If you’re going to be a Christian, you need to identify your beliefs with the beliefs of your Lord. Bring your beliefs in line with his. That’s what it means to be a follower.

4.Finally, not all errors are innocuous errors. Some errors are incipient errors. Insidious errors. Symptomatic of a deep-seated rebellion. Of a heart that never surrendered to God. Sometimes this remains latent. At other times, circumstances may drive it to the surface.

I’m reminded of something Warfield once observed:

“The underlying motive seems to be, as Mr. Knox would say, to make Christianity easy ‘for Jones to swallow’. It is not of the ascertainment of the pure truth that Dr. Sanday seems to be thinking at the bottom of his mind, but of the placating of ‘the modern mind’ and the adjustment of Christianity to its ingrained point of view. He seems to value his suggestions looking to the substitution of an unmiraculous Christianity for the supernatural Christianity hitherto believed in by men, because by them Christianity would be made more acceptable to ‘the modern mind.’ He tells us with charming naïveté:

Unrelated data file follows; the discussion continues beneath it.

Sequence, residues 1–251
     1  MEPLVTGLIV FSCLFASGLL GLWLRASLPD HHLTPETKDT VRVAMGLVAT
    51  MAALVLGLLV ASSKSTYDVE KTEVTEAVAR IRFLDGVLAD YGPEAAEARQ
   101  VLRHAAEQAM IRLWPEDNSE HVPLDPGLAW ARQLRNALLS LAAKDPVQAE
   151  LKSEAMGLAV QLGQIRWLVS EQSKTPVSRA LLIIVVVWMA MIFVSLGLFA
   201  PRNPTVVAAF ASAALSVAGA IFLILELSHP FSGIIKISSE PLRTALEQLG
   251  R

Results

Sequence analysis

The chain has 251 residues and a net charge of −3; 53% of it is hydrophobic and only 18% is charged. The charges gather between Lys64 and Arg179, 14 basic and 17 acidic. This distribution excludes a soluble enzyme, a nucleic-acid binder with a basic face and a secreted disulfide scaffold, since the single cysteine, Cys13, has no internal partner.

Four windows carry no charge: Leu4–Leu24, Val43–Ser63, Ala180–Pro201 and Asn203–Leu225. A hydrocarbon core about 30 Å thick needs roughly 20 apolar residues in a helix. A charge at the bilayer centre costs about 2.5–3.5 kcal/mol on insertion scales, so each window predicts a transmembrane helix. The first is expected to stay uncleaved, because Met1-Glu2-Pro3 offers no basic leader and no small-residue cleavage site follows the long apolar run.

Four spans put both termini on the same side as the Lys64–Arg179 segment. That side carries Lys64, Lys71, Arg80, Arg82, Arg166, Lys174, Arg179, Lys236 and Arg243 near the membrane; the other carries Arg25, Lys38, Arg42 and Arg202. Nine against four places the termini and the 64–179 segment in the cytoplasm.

‘What they would mean is that the greatest of all stumbling blocks to the modern mind is removed, and that the beautiful regularity that we see around us now has been, and will be, the law of the Divine action from the beginning to the end of time. There has been just this one little submerged rock in our navigation of the universe. If we look at it from a cosmical standpoint, how infinitesimal does it seem! And yet that one little rock has been the cause of many a shipwreck of faith. If it is really taken out of the way, the whole expanse of the ocean of thought will be open and free.’

But what if that ‘one little submerged rock’ is just Christianity?…When Dr. Sanday read that amazing paper on Miracles at the Church Congress at Middlesbrough (in 1912) in which he preadumbrated all that he has since said, there were those on the platform with him who, had he only been willing to hearken to them, could have corrected his deflected pointed of view.”

My point is not to equate Reppert’s position with Sanday’s. Indeed, Reppert wrote a fine critique of Hume.

Yet, at a deeper level, they share the same basic outlook. Reppert simply locates the submerged rock in different parts of Scripture than Sanday does. Reppert believes as much of Scripture as he can squeeze into the close quarters of his modern mind. He’ll shave off or saw off whatever doesn’t fit within the rigid dimensions of his cultural conditioning.

But divine revelation is a unit. Either God has spoken or he hasn’t. Take it or leave it.

No comments:

Post a Comment